A report prepared by the mechanic who discovered alarming defects in the car of China researcher Anne-Marie Brady has added further weight to suspicions the case represents intentional sabotage.
The report from Christchurch's A1 Auto 4 Services' Brent Jeffries, written before the mechanic became aware of a sprawling investigation by authorities into burglaries of Brady's home and office, raised serious concerns:
"Found both left front tyres were half flat and valve caps both missing, indicating that possibly car has been tampered with."
The Herald understands pressure in the front two tyres had been lowered to around 14 psi, a level at which the low pressure is not obviously visible but that significantly increases the risk of an accident when cornering at speed.
Crash investigation consultant Hamish Piercy, who worked with the Serious Crash Unit during his 16-year career with the police, said tyres at 14 psi compromised handling and while it wouldn't be especially concerning in an urban setting, it posed real risks at higher speeds.
"It'd feel weird at lower speeds, but at higher speeds you could have some nasty outcomes," he said.
Piercy said the Brady case raised his eyebrows. "It does strike me as odd. To use the old English saying, 'there's nowt so queer as folk.' What drives people to do that?"
University of Canterbury professor Brady has gained international profile over the past 18 months for her work exposing China's influence campaigns, notably a landmark paper in September Magic Weapons: China's political influence activities under Xi Jinping using New Zealand as a case study.
She told an Australian parliamentary committee in February she believed she was being targeted by a campaign of criminal harassment in direct response to her work investigating China's foreign policy.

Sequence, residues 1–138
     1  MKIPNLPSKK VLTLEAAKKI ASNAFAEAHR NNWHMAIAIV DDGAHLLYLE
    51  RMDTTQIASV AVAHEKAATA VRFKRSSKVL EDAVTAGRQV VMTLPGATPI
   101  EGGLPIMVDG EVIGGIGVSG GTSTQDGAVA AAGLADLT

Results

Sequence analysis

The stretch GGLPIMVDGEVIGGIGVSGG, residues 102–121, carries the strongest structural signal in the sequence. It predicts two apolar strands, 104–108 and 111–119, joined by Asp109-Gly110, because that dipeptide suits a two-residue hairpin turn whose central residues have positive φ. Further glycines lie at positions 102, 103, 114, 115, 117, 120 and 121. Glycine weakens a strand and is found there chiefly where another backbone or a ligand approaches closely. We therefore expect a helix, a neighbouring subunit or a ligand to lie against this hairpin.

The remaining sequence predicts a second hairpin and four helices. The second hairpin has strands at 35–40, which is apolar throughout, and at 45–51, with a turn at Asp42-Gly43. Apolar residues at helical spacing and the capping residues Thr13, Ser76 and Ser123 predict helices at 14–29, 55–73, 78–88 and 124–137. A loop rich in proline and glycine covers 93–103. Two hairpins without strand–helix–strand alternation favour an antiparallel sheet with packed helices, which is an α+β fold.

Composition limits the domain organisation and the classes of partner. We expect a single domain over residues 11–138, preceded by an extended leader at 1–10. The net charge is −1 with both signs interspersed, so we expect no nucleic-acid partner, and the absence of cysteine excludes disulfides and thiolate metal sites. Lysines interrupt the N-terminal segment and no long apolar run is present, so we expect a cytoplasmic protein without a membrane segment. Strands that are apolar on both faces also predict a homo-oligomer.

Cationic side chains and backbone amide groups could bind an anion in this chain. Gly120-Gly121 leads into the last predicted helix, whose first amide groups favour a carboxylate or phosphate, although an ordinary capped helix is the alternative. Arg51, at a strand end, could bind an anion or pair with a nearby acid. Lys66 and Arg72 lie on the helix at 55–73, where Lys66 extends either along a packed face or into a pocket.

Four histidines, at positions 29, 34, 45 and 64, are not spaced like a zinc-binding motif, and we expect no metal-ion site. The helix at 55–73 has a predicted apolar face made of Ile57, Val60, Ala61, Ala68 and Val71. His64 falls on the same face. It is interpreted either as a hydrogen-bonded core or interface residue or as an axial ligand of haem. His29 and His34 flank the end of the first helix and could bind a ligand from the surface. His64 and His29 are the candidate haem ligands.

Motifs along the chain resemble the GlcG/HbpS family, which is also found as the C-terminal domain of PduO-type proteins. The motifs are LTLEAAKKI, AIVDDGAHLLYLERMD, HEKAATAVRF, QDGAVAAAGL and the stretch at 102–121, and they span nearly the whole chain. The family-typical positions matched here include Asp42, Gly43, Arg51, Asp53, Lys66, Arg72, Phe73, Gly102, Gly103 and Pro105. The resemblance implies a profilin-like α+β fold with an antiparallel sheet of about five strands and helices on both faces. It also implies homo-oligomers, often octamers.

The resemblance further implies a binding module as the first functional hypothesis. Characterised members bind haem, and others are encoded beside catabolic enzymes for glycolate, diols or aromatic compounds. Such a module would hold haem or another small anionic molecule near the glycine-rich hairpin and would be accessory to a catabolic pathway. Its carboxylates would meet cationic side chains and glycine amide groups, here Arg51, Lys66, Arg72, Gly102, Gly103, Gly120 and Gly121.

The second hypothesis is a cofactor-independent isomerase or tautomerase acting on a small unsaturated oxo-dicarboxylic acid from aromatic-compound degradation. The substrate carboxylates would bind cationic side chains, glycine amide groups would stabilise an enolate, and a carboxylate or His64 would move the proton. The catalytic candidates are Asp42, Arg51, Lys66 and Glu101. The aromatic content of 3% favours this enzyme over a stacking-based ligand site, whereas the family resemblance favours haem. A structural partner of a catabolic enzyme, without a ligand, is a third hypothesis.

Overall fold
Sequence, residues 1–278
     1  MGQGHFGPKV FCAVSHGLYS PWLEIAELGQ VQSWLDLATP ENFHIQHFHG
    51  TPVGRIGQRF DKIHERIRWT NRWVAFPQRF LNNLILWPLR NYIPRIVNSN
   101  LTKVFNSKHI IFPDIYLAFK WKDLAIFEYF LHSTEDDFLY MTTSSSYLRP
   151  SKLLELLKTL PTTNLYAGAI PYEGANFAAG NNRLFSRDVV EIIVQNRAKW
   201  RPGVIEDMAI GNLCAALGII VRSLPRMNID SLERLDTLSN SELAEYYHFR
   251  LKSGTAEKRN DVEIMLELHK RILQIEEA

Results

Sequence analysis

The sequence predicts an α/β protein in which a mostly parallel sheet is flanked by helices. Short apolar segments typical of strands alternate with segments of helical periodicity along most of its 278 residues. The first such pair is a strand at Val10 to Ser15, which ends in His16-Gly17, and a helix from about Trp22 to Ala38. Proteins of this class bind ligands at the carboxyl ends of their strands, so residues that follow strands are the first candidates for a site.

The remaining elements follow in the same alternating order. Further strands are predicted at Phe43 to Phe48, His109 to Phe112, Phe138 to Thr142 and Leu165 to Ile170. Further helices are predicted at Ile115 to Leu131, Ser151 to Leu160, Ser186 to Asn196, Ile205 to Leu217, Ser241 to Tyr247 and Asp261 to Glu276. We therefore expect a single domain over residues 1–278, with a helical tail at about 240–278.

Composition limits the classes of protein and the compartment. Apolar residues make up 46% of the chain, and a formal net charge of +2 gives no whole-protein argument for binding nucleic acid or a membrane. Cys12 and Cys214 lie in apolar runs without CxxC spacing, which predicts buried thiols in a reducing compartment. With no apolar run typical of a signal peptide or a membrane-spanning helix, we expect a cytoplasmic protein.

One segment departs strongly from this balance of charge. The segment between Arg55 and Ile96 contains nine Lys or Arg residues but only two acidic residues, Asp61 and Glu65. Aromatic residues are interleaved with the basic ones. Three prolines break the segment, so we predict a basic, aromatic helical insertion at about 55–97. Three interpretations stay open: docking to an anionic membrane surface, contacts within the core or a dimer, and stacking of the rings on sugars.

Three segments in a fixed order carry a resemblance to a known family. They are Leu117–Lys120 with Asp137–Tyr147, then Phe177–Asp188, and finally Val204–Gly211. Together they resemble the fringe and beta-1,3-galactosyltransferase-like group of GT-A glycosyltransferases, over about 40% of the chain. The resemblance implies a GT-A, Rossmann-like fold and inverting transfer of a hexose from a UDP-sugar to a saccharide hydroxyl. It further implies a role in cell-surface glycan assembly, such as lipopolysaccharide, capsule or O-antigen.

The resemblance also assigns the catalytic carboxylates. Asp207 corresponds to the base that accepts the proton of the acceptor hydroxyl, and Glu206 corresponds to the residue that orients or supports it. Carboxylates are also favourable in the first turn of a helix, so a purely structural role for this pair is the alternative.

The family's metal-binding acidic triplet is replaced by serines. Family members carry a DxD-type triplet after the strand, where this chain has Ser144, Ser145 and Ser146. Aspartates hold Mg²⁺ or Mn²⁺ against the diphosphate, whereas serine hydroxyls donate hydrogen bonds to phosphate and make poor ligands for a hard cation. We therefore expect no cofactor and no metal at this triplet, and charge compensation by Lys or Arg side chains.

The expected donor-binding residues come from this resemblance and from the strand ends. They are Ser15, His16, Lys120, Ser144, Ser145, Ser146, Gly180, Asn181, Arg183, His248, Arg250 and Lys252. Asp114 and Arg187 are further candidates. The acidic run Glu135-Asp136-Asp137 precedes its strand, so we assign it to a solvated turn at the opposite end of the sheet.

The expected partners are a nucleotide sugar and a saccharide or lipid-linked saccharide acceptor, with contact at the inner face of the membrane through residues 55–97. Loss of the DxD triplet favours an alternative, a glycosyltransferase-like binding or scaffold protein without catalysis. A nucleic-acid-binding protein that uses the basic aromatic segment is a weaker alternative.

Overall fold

On RNZ yesterday morning, Prime Minister Jacinda Ardern said the apparent car sabotage - news of which broke while she was overseas travelling to the Apec summit in Port Moresby - was a matter for police.
"I would see that first and foremost as something the police should investigative," she said.
Police yesterday said they had no update on their ongoing investigation.
Asked about Security Intelligence Service (SIS) involvement in the case, Ardern told RNZ she had a policy of not discussing intelligence briefings.
The Herald has previously reported the SIS has taken an active interest in the Brady case, and has swept the professor's home and office for bugs.
A spokesperson for the SIS reiterated its earlier comments on the affair, saying the spy agency had a "long-standing practice of not commenting on what may or may not be operational issues".
A Herald request filed in May to discuss the Government's China policy with Ardern was this week again rejected, with possible windows for an interview now pushed into early next year.
A long-signalled plan for the Prime Minister to visit China this year - for which negotiations with Beijing have been ongoing for months - is also understood to have been shelved and will not occur until after the New Year.
The Brady case has sparked furious debate, both within the foreign policy establishment and the New Zealand Chinese community.
Auckland councillor Mike Lee suggested on Facebook over the weekend that Brady was inventing her complaints to advance American interests.
"Where is the proof? Or are these smear tactics by an academic who receives funding from hawkish American think tanks?" Lee said.
Contacted yesterday Lee said he didn't wish to appear in the media and was merely asking questions. "It was not a comment, it was a question in response to an upset Chinese Facebook friend."
Lee is not the only elected representative to use social media to controversially weigh in on the Brady affair.
When the Herald revealed in September that police, Interpol and the SIS had been investigating the Brady burglaries for seven months, Defence Minister and New Zealand First MP Ron Mark shared the news with the comment: "We live in interesting times."
The comment is a paraphrase of "May you live in interesting time," popularly attributed as an ancient Chinese curse. (Recent research suggests the popular origin of the quote is apocryphal and is more likely from English politician Joseph Chamberlain).
In July Mark launched the Strategic Defence Policy Statement, outlining the new Government's position on defence matters, which was unusually explicit in criticising China's militarisation of the South China Sea.
The policy statement attracted formal protest from Madam Wu Xi, China's ambassador in Wellington.